It wasn’t fair. Cancer took me on once before- but that was a breeze compared to this.

This was hell.

Actual living hell.

And I couldn’t do anything other than fight.

So that’s what I did.

I dried my tears and pulled up my big girl pants and faced it head on again. But this time with a roar of ‘mama bear’ inside me.

No one messes with my kid.

As quick as I got the hang of fighting it, 2020 decided to give us another gift didn’t it.

Covid-19.

In our world of panic and fear it upped its game.

More infection control.

More worry.

More sleepless nights.

Less family and friend support.

Less human contact of any kind.

But I drew from the positives. It’s all I had.

No work, no childcare to negotiate, no guilt because I had missed family days out with the girls or missed school assemblies.

The world stopped right when I needed it to.

Positivity was all I had. It was all I could control and I was dammed if I was going to let go of that.

So it became our thing.

Laughing through chemo weeks, messing around on the way to appointments.

Looking back, we certainly did kill 2020 with kindness.

I once read a quote that said “Don’t raise your voice, improve your argument”

And our argument was strong.

We weren’t retaliating to Cancer or Covid. We didn’t even feel like we were fighting sometimes. We were just us. Me and my boy.

And we bossed it.

With huge smiles on our faces.

This year has taken so much from me but also given me much more.

I’m at peace now.

We did it. Together. And turns out we are a pretty unbreakable force.

So 2020, I see your Cancer and Covid-19 and I raise you happiness and positivity.

Because that will always be the winning hand.

Always.

Xxx

Osteosarcoma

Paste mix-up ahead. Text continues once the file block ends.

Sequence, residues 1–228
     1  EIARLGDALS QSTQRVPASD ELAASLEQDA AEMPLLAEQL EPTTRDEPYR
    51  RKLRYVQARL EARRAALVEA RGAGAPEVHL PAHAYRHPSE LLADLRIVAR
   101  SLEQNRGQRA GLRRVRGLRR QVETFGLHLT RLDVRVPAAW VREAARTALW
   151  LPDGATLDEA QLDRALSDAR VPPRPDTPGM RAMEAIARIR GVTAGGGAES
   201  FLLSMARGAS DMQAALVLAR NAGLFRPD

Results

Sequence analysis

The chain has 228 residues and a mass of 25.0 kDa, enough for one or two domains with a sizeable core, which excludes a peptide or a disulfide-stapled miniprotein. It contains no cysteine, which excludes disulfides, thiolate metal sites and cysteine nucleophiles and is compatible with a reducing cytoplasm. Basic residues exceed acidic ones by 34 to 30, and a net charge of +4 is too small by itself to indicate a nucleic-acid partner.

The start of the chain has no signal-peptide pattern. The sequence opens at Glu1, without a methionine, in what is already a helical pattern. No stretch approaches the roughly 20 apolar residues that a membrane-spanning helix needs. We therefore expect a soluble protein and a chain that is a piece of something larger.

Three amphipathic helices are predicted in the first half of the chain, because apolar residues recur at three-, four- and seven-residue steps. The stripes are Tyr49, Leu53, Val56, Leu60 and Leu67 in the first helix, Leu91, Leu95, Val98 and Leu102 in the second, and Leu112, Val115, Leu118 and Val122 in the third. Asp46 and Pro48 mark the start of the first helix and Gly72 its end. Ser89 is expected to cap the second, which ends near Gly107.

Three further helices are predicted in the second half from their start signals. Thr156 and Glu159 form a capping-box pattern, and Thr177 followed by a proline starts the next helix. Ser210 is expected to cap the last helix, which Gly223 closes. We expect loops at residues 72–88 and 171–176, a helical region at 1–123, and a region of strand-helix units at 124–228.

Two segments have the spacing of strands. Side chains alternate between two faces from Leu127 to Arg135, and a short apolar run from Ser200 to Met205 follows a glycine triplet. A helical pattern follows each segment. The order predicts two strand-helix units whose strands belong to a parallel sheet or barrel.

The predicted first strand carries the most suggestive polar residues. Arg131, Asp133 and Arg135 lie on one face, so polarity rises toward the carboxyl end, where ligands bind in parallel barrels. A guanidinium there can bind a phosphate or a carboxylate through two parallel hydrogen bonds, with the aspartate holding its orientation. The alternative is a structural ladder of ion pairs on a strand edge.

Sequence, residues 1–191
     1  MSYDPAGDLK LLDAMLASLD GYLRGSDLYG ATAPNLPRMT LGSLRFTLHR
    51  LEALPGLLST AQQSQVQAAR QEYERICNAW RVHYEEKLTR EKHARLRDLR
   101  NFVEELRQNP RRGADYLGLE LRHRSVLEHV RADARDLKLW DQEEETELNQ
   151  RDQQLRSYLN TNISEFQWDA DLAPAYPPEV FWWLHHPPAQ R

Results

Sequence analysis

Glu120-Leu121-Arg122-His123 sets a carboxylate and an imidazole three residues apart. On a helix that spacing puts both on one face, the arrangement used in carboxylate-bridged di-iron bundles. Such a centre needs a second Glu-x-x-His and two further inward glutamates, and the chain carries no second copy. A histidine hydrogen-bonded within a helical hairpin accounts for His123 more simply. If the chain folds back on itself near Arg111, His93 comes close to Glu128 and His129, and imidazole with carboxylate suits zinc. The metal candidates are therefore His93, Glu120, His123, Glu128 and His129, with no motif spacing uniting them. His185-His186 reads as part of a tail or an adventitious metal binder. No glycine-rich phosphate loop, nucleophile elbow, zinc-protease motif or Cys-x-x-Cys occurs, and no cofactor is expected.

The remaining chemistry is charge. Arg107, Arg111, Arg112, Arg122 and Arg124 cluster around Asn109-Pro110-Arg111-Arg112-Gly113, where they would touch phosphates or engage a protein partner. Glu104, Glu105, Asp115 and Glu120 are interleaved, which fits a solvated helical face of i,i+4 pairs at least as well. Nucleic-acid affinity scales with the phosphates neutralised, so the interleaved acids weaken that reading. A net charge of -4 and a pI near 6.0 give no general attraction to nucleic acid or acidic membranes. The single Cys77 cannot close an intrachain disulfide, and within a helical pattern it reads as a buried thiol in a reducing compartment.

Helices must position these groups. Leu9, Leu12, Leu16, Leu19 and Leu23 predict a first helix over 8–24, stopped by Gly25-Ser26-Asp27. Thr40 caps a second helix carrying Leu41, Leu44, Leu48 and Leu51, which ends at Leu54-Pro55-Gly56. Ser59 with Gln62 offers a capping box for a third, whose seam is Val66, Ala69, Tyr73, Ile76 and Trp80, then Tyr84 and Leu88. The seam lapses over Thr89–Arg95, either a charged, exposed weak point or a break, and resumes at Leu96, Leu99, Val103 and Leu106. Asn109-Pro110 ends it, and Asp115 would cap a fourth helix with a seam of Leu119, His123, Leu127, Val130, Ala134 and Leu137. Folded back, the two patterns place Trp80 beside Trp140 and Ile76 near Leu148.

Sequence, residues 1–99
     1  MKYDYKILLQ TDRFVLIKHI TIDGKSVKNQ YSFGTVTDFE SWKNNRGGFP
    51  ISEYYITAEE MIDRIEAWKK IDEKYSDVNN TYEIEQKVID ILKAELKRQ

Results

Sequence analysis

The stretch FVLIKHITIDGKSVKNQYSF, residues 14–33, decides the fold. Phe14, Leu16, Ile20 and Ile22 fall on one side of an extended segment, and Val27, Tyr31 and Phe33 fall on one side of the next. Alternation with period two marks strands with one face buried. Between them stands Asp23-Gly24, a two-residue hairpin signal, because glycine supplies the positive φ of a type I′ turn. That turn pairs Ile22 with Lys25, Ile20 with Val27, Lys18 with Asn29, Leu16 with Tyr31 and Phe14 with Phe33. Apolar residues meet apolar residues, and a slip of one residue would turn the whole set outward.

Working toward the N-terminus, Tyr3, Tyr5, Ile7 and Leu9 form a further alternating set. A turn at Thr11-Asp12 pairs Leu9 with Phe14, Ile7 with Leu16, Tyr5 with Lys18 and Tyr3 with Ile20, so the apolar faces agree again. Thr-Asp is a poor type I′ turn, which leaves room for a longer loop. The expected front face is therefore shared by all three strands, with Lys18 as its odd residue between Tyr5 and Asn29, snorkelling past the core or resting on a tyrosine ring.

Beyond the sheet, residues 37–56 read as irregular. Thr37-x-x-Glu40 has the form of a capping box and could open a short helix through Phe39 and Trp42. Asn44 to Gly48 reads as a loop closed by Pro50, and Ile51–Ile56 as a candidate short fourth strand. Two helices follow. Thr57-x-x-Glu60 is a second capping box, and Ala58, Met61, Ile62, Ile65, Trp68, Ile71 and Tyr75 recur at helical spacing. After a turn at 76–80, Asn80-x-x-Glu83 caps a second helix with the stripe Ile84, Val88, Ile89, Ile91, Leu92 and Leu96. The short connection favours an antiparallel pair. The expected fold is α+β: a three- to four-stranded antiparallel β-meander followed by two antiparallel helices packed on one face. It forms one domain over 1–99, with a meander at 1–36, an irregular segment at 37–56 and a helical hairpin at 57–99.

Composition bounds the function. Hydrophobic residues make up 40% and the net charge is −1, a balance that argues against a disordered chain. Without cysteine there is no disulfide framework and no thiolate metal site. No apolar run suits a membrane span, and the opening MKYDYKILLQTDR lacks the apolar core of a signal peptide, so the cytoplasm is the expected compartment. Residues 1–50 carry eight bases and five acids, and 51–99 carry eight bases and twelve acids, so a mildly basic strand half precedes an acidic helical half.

“Maybe Christmas” he thought “Doesn’t come from a store. Maybe Christmas, perhaps, means a little bit more”

It’s here. Christmas. 3 days and counting.

Christmas 2020.

The most thought about, the most dreamed about and the most dreaded.

Every chemo stay, every operation and every London appointment to me, led to Christmas.

It has been my anchor during this horrible year, it’s been the thing that’s kept me going.

I was determined to make it the best Christmas ever, for them. It’s always for them.

Every day at the moment, I wake up to a new memory on Facebook of this time last year and each time it feels as if I am reliving it all over again.

Last Christmas Eve was spent sat by an empty bed, staring at the lonely present left on his bed by the lovely play therapist.

Up until then, that was the worst day of my life.

Little did I know what the next year had in store for us.

I was a huge mix of emotions that day, missing my girls who were at home over 100 miles away. Terrified and eagerly waiting Ellis to be wheeled back and come round from his biopsy. Itching to get home to my babies in time to watch the magic in their eyes and excitement in their tummies.

All the while, feeling weirdly numb.

Last Christmas I didn’t dare look forward. I couldn’t. I wouldn’t let myself go there.